Tuesday, June 22, 2010

Don't Feed The Troll

I know, but this troll managed to get into the New York Times op-ed section today.

If he had been reading The Oil Drum, he would have known that this is a dumb idea. If he posted that op-ed on The Oil Drum, he would have been dismissed as a troll who wasn't keeping up with his reading.

A Navy man who thinks the Navy can do it. Not surprising. Unfortunately, he has no idea of what the Navy has been doing that might achieve his goals.
The Navy also commands explosives experts who have vast knowledge of underwater demolitions. And it has some of the world’s finest underwater engineers at Naval Reactors, the secretive program that is responsible for designing nuclear reactors for nuclear submarines. With the help of scientists in our national weapons laboratories and experts from private companies, these engineers can be let loose on the well.
And they have those nukes in their back pockets! Evidently he hasn't heard that Secretary of Energy Steven Chu has a bunch of experts working on the problem. But not Navy, so I guess it doesn't count.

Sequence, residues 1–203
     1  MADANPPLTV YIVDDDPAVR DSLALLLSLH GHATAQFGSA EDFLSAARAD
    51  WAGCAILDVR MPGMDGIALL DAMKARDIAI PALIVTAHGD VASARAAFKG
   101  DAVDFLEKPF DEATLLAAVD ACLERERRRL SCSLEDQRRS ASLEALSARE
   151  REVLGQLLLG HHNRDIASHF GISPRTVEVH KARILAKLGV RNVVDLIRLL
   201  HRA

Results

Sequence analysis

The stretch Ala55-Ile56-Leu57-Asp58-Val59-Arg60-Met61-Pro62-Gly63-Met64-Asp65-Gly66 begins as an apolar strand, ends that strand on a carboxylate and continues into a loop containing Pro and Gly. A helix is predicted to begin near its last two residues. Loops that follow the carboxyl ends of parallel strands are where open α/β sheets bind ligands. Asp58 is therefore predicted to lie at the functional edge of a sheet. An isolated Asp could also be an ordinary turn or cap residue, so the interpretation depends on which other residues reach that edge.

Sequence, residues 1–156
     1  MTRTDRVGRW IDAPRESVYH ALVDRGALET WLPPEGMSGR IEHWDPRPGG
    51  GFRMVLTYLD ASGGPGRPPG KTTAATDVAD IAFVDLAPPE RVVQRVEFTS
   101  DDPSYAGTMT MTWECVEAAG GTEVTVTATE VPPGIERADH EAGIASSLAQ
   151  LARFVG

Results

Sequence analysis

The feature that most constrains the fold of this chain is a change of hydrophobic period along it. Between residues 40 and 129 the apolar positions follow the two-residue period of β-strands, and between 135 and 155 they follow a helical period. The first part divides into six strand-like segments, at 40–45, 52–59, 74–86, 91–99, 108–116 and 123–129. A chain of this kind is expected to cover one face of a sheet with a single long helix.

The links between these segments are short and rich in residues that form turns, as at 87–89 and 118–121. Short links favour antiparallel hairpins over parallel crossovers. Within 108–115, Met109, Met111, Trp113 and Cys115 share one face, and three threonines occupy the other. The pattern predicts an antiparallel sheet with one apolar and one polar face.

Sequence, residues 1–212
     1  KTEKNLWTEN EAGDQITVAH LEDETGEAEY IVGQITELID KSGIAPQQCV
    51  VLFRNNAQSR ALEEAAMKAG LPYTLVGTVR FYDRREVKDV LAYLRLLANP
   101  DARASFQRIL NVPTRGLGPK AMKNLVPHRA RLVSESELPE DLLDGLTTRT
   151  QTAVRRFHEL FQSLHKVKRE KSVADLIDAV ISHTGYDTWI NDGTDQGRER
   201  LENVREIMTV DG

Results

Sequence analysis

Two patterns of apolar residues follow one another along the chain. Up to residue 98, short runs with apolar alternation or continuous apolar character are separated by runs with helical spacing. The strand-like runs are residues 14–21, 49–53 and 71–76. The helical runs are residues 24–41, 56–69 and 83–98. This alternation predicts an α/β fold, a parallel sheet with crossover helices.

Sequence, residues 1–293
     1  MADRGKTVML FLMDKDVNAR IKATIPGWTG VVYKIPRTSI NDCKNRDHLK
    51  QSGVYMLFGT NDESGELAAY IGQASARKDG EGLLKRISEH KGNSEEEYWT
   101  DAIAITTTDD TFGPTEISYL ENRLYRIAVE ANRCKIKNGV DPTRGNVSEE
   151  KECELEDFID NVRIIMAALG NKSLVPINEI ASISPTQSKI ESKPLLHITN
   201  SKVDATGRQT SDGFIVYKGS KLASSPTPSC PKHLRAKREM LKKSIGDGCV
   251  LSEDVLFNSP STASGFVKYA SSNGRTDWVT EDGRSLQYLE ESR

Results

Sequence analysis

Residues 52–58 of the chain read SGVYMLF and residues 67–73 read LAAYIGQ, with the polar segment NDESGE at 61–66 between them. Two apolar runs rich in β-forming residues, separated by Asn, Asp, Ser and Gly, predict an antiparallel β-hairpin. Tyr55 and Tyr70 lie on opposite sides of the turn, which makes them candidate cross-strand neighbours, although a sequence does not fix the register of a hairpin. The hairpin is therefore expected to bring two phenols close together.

...the Navy could focus on stopping the leak with a conventional demolition. This means more than simply “blowing it up”: it means drilling a hole parallel to the leaking well and lowering charges to form an explosive column.
Um, there are two relief wells currently being drilled. Parallel and close to the hole would interfere with the oil containment measures now in progress. It's a pretty good bet that the relief wells will do their job. The oil industry has been dealing with relief wells for a very long time.
Upon detonating several tons of explosives, a pressure wave of hundreds of thousands of pounds per square inch would spread outward in the same way that light spreads from a tubular fluorescent bulb, evenly and far. Such a sidelong explosion would implode the oil well upstream of the leak by crushing it under a layer of impermeable rock, much as stepping on a garden hose stops the stream of water.
Several tons? The well bore might reach a couple of feet diameter. How are several tons of explosive going to fit? And the typical direction of force is outward, as our troll says. That means that craters form as rocks get thrown around.

This is where I think our submariner misunderstands what his underwater Navy colleagues have been doing. Many of their explosives are shaped charges. It is possible to build a shaped charge to collapse a pipe. Such shaped charges would have to be fitted around the pipe. Unbolting the blowout protector and installing a cap is easier and more predictable. The reason this hasn't been done seems to be that those in charge believe that the well casing is damaged, and pressure will further damage it.

I am getting really tired of the dumb stuff that the MSM is willing to print.

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